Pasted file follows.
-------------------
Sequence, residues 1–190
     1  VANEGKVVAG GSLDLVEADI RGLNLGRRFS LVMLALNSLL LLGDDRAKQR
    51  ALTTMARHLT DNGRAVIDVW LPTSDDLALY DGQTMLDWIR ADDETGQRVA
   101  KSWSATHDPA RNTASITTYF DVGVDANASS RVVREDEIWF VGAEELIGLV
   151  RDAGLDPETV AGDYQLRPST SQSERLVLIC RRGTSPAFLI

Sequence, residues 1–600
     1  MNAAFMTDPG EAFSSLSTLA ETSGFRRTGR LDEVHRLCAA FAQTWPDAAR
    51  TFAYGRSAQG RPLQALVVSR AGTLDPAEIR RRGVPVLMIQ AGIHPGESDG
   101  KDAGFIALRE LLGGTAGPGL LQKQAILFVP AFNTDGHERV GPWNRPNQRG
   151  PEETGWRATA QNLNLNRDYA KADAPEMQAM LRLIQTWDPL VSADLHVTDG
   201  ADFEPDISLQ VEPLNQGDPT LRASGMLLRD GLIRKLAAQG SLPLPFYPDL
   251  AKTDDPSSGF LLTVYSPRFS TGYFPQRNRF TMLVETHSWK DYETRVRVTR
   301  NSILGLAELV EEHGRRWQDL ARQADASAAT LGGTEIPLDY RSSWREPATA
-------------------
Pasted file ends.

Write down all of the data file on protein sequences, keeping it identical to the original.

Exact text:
Sequence, residues 1–190
     1  VANEGKVVAG GSLDLVEADI RGLNLGRRFS LVMLALNSLL LLGDDRAKQR
    51  ALTTMARHLT DNGRAVIDVW LPTSDDLALY DGQTMLDWIR ADDETGQRVA
   101  KSWSATHDPA RNTASITTYF DVGVDANASS RVVREDEIWF VGAEELIGLV
   151  RDAGLDPETV AGDYQLRPST SQSERLVLIC RRGTSPAFLI

Sequence, residues 1–600
     1  MNAAFMTDPG EAFSSLSTLA ETSGFRRTGR LDEVHRLCAA FAQTWPDAAR
    51  TFAYGRSAQG RPLQALVVSR AGTLDPAEIR RRGVPVLMIQ AGIHPGESDG
   101  KDAGFIALRE LLGGTAGPGL LQKQAILFVP AFNTDGHERV GPWNRPNQRG
   151  PEETGWRATA QNLNLNRDYA KADAPEMQAM LRLIQTWDPL VSADLHVTDG
   201  ADFEPDISLQ VEPLNQGDPT LRASGMLLRD GLIRKLAAQG SLPLPFYPDL
   251  AKTDDPSSGF LLTVYSPRFS TGYFPQRNRF TMLVETHSWK DYETRVRVTR
   301  NSILGLAELV EEHGRRWQDL ARQADASAAT LGGTEIPLDY RSSWREPATA